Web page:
As the Taliban retake power, the imminent 20th anniversary of 9/11 underlines the horrific consequences of the US failing to reckon with this region’s darkest forces
Like every national leader, the president of the United States has a prime obligation to safeguard the security and well-being of his citizens.
And like his predecessor, Donald Trump, President Joe Biden concluded that the presence of U.S. troops and contractors in Afghanistan was having the opposite effect — that the American military deployment, as Biden put it on Aug. 16, was “not in our national security interest.”
Thousands of Americans had lost their lives in the course of the 20-year war since the Sept. 11, 2001, terrorist attacks, when the Bush administration began targeting Afghanistan for harboring al-Qaeda terrorists. And Biden, inheriting an agreement to withdraw the last few thousand U.S. troops, decided to go ahead with it and, as he said, avoid a “third decade” of war.
Before we get into the profound and dismal wrongheadedness of this decision — which in a matter of a few days has seen the United States humiliated and weakened in the eyes, most especially, of its Islamist enemies — we should note that Israel has twice in recent decades carried out its own hasty military withdrawals on our very own doorstep, under circumstances and with consequences it has to some extent lived to regret.
We left southern Lebanon unilaterally in 2000, under public pressure amid the relentless loss of soldiers’ lives in the Security Zone, and were plunged into the Second Lebanon War six years later. Now we face a full-fledged Hezbollah army on that front.
We left Gaza unilaterally in 2005, choosing neither to negotiate the pullout with the Palestinian Authority nor to heed the warnings that emboldened terror groups, claiming vindication, would fill the vacuum. Now we face endless friction and intermittent bloody conflict with Hamas.
Israel, in other words, is not immune to the urge to cut and run.
And that is what the United States has now done in Afghanistan, to devastating effect. It has handed Afghanistan back to the Taliban — brutal and benighted Islamic fundamentalists who, when they last controlled the country, oppressed women with a methodical viciousness unparalleled by any other regime worldwide; indiscriminately massacred civilians; restricted education; destroyed agriculture; banned culture and recreation.
In consigning Afghanistan to its grisly fate, moreover, the U.S. has shown itself to have been incapable of forging the Afghan military into a competent fighting force, despite all the training, the tens of billions in equipment, the lives lost.
And while Biden now blames Afghanistan’s political leaders for fleeing, and the Afghan army for laying down its arms, the U.S. also reveals itself to have been unable to recognize the unreliability of its Afghan allies. As recently as July 8, Biden asserted with outrageously misguided complacency that “the likelihood there’s going to be the Taliban overrunning everything and owning the whole country is highly unlikely.”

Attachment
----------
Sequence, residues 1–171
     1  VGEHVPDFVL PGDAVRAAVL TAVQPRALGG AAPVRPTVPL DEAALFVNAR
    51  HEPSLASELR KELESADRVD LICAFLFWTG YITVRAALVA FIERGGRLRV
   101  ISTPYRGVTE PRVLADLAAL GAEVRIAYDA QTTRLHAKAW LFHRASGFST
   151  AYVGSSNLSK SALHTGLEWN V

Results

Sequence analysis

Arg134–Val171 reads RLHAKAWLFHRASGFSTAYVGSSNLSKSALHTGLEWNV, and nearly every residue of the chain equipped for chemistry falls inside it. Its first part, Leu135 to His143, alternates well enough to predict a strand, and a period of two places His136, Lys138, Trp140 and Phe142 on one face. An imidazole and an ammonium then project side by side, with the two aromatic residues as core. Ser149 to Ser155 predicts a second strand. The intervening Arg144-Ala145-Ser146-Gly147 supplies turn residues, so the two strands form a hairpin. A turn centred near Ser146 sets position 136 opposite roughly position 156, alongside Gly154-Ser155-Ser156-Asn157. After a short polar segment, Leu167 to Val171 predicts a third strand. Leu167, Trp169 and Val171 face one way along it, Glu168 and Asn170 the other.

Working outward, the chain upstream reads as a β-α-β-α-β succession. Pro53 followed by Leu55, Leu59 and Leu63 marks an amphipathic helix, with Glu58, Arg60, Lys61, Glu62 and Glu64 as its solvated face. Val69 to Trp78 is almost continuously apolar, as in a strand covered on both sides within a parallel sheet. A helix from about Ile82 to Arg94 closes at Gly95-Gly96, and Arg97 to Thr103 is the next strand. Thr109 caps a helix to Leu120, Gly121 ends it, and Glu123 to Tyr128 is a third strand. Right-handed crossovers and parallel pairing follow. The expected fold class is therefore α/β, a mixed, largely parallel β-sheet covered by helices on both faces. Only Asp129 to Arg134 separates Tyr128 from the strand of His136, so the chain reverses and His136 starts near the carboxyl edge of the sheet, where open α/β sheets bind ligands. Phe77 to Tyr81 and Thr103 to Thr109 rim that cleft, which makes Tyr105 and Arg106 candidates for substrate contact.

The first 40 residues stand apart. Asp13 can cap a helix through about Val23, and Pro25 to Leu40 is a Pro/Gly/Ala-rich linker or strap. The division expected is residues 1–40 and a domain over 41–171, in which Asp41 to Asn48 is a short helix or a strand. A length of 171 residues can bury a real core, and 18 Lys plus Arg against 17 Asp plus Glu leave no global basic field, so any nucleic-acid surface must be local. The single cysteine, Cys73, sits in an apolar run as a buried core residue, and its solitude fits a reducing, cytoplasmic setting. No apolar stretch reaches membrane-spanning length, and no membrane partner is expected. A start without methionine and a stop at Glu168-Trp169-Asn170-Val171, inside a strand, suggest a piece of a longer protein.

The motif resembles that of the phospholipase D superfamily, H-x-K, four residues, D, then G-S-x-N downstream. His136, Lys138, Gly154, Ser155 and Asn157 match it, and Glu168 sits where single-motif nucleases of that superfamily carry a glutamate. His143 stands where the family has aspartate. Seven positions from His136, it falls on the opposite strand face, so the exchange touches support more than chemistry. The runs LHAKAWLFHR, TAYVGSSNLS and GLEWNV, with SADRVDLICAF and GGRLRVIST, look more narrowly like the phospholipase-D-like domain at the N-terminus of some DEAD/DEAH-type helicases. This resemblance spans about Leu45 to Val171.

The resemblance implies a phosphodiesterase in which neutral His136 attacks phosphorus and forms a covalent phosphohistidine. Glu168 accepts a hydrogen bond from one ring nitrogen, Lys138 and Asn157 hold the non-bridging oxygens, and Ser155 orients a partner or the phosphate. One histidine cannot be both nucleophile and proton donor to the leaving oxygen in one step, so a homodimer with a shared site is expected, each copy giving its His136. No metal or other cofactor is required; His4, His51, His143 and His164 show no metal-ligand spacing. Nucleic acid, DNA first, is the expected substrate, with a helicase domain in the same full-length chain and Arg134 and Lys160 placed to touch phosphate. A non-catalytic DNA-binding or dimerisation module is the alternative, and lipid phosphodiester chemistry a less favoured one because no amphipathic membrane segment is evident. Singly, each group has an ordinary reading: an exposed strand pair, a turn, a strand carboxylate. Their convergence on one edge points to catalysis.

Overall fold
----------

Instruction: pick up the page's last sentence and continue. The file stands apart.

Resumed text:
For Israel, the debacle is a reinforcement of our insistence that we, and we alone, put our lives on the line in the defense of this country — even as we forge and nurture our alliances with our vital allies, and none more so than the United States. We do not and must not ask U.S. or any other forces to risk their lives for us, and we dare not rely on any other country or alliance to protect us from our enemies.
For Israel and its allies and semi-allies in the region, the U.S. mishandling of Afghanistan also shocks and horrifies because it gives succor to terrorist groups and extremist regimes. First and foremost of these is Iran, closing in on the nuclear bomb, toying with the U.S. in negotiations over a return to the 2015 nuclear deal, determined to destroy “Little Satan” Israel, and now even more contemptuous of the “Great Satan.”
For the United States, however, what’s ultimately worst about the abandonment of Afghanistan to some of the darkest forces on the planet is that it negates, rather than serves, that core presidential obligation to ensure the security and well-being of the American people. The U.S. deployment had been greatly scaled back, and the losses, still of course, terrible, reduced to a fraction of those in earlier years.
The hapless departure and its consequences, bitter experience indicates all too well, will exact a far greater cost than maintaining that deployment would have.
Danger to U.S.?
Biden’s two immediate predecessors complained that, notwithstanding the U.S. commitment to championing freedom and democracy, it was not America’s job to solve all the problems of this part of the world (Barack Obama) and fight the Mideast region’s stupid wars (Donald Trump).
But that the debacle is playing out around the 20th anniversary of 9-11, when 3,000 people lost their lives in al-Qaeda’s horrific terrorist assault on America, and serves to grimly underline the direct consequences for the United States itself of failing to reckon with the ruthless, amoral and sophisticated forces plotting to harm it.
Those regressive forces, most of them strategizing in our part of the world, are murderously hostile to everything that is best about America — its defense of freedoms, its commitment to democracy, its striving for opportunity and equality, its fundamental humanity.
Today, they are more confident and stronger than they were just a few days ago. And the bastion of the free world’s defense against them, the United States of America, looks tired and irresolute.
This, at the risk of catastrophic understatement, is not in the U.S. national security interest.
David Horovitz is the founding editor of the Times of Israel.